Showers ahead as overnight winds leave another 3,000 without power

Bid underway to replace 175-year-old monkey puzzle tree which fell in Cork during storm

Motorists make their way through flooded roads on Thursday near Dunmanway in Co Cork following Storm Ellen. Photograph:  Damien Storan/PA Wire

Motorists make their way through flooded roads on Thursday near Dunmanway in Co Cork following Storm Ellen. Photograph: Damien Storan/PA Wire

 

Scattered showers and some sunny spells are forecast for the weekend after further strong winds and storm damage overnight.

Around 7,000 homes and businesses are without power on Saturday - 4,000 as a result of Storm Ellen and the remainder due to additional high winds on Friday night.

The south, midlands and west of the country were worst affected, and ESB Networks said it has been working “since first light” to restore all outages.

Meanwhile, Irish Water is working to restore water to east and north Cork, south Tipperary, west Waterford, south Limerick, east Clare, Longford and Galway.

Met Éireann said it would be mostly cloudy and breezy for a time on Saturday with showers or longer spells of rain. However, it will become drier later this afternoon with some evening sunshine developing and scattered showers.

Highest temperatures will be between 16 and 19 degrees with moderate southwest winds. Scattered showers will continue overnight with some heavy downpours later, especially across the west, the northwest and parts of the midlands.

There will be mist and fog patches too with lowest temperatures between 10 and 14 degrees.

Sunday will bring further showery spells of rain, mainly across the northern half of the country. It will be somewhat drier elsewhere with sunny spells. However, rain will move into Munster before nightfall. Highest temperatures will be between 15 and 19 degrees, with the mildest conditions across the southern counties.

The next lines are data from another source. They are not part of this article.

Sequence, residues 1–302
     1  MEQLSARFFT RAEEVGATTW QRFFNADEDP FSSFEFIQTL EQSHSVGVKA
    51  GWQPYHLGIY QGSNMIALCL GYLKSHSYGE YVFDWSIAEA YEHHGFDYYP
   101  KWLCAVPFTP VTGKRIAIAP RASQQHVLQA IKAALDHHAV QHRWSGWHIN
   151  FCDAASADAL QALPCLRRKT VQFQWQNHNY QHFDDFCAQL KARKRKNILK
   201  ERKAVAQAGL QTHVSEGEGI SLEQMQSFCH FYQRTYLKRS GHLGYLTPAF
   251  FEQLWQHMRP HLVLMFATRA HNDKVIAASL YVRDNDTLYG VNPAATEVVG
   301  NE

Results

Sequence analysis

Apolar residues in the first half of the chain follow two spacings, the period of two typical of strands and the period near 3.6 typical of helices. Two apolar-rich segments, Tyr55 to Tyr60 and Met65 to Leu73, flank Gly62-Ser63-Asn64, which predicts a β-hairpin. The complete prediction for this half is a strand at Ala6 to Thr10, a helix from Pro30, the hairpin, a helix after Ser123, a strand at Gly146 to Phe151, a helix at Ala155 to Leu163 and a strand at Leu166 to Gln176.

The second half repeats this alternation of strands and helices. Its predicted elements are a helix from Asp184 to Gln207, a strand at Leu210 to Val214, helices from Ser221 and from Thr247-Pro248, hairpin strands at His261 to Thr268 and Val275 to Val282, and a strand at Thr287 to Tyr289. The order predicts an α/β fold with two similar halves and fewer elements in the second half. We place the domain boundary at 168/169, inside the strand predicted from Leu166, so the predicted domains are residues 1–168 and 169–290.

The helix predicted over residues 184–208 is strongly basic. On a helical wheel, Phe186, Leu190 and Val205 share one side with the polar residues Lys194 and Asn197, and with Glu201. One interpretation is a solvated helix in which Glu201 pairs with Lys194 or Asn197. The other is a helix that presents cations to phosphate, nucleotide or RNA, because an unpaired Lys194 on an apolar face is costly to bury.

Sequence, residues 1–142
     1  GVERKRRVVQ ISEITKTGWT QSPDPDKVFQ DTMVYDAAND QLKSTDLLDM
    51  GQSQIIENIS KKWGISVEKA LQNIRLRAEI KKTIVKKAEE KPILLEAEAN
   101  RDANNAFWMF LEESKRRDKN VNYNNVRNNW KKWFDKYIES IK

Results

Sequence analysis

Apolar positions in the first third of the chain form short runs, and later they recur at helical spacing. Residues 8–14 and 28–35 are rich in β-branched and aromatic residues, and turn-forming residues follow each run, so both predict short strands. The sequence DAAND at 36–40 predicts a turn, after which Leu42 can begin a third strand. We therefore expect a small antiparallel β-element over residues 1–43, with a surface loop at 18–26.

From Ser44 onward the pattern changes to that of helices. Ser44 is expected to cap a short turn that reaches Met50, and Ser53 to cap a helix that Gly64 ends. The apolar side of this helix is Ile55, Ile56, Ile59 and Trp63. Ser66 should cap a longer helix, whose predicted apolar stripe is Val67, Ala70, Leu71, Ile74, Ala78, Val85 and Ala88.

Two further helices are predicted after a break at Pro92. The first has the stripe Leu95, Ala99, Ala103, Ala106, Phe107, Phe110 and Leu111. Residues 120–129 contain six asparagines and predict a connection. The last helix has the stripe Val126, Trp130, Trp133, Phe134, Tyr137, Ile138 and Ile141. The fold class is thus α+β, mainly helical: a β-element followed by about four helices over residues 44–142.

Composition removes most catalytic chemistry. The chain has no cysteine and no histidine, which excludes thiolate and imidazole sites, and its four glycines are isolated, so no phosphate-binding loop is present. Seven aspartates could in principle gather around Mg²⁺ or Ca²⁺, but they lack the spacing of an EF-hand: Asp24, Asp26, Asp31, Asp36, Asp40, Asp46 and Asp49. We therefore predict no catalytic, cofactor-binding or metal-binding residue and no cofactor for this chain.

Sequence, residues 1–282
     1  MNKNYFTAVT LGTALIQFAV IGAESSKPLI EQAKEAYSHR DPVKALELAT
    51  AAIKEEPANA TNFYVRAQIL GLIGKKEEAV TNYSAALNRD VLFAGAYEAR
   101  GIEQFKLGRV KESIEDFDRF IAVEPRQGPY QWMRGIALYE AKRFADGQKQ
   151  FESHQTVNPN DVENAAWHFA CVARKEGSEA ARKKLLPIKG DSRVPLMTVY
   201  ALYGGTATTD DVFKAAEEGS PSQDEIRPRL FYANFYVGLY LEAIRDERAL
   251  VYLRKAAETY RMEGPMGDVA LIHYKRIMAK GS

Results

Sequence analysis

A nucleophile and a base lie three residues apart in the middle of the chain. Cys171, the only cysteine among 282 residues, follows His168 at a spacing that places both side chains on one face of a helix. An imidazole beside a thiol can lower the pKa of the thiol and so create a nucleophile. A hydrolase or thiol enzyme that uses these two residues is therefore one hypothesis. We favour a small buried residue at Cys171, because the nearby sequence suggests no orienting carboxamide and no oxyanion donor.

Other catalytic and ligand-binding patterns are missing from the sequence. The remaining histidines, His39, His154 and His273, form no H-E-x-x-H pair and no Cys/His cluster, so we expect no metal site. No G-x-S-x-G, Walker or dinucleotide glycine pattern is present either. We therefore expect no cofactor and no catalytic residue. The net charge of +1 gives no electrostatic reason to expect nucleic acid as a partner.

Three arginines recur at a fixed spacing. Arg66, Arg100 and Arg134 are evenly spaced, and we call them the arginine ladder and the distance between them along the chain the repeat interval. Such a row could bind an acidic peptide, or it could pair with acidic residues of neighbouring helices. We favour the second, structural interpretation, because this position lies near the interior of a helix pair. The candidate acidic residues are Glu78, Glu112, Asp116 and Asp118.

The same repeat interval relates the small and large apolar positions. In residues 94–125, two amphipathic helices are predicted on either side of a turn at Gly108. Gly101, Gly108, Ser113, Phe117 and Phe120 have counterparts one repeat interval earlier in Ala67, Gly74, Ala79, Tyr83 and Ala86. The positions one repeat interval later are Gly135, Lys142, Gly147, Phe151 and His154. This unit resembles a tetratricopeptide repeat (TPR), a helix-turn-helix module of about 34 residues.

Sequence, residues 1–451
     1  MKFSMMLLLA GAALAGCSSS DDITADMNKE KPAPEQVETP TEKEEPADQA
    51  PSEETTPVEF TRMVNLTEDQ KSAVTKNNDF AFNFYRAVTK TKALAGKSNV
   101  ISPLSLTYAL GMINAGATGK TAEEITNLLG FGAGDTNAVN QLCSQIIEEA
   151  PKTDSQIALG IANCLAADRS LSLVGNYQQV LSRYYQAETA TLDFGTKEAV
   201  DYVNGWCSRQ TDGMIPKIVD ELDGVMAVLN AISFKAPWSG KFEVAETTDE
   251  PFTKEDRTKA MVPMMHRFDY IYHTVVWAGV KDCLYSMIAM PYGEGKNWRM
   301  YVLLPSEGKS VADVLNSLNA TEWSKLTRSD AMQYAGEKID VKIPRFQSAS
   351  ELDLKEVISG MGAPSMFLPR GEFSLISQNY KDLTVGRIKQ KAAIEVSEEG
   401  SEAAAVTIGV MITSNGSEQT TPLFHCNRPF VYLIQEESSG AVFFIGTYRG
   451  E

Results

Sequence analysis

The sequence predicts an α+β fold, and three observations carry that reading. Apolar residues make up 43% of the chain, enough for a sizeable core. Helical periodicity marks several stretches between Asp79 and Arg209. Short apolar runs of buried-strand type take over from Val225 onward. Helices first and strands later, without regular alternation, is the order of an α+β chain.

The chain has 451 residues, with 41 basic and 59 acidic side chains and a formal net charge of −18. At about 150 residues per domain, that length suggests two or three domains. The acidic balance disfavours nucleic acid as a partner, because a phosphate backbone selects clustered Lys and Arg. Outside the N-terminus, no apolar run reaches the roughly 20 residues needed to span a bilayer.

Winds in Co Cork reached almost 145km/h at the mouth of Cork harbour during Storm Ellen earlier this week, bringing down trees and power lines across Munster.

‘Landmark tree’

A credit union has offered to replace a 175 year old monkey puzzle tree which came crashing down on the outskirts of Cork city.

St Michael’s Credit Union, which serves Blackrock and Mahon on the city’s southside, said it wanted to replace “the iconic monkey puzzle on Jacob’s Island in Mahon” during high winds.

“This landmark tree, which was planted by William Crawford around 1845, has been enjoyed locally since it was planted and has been a beautiful sight for people travelling on the South Link Road.”

The credit union said it was liaising with the relevant departments in Cork City Council with a view to planting a new monkey puzzle, which is native to Chile and can grow up to 40 metres in height.

“The tree was part of the local history and heritage - it would be a shame if future generations in Blackrock and Mahon didn’t have the chance to enjoy another monkey puzzle,” said St Michael’s.

UCC Plant scientist Dr Eoin Lettice lamented the loss of the tree, recalling it was planted by William Crawford at his Lakelands Estate, now largely occupied by the Mahon Point Shopping Centre.

“Crawford was an eminent horticulturalist, collecting and growing plants at Lakelands from around the world. He had at Lakelands a ‘perfect arboreatum...richly planted...with rare shrubs and trees’.”

Independent member of Cork City Council and local historian, Cllr Kieran McCarthy said he hoped that the wood from the fallen Monkey Puzzle could be used locally to create some memorial.

“Sad to see this early 19th century beautiful Monkey Maze tree in Mahon snap with the force of Storm Ellen - I would love to see a wooden sculpture or seat made from remains,” he tweeted.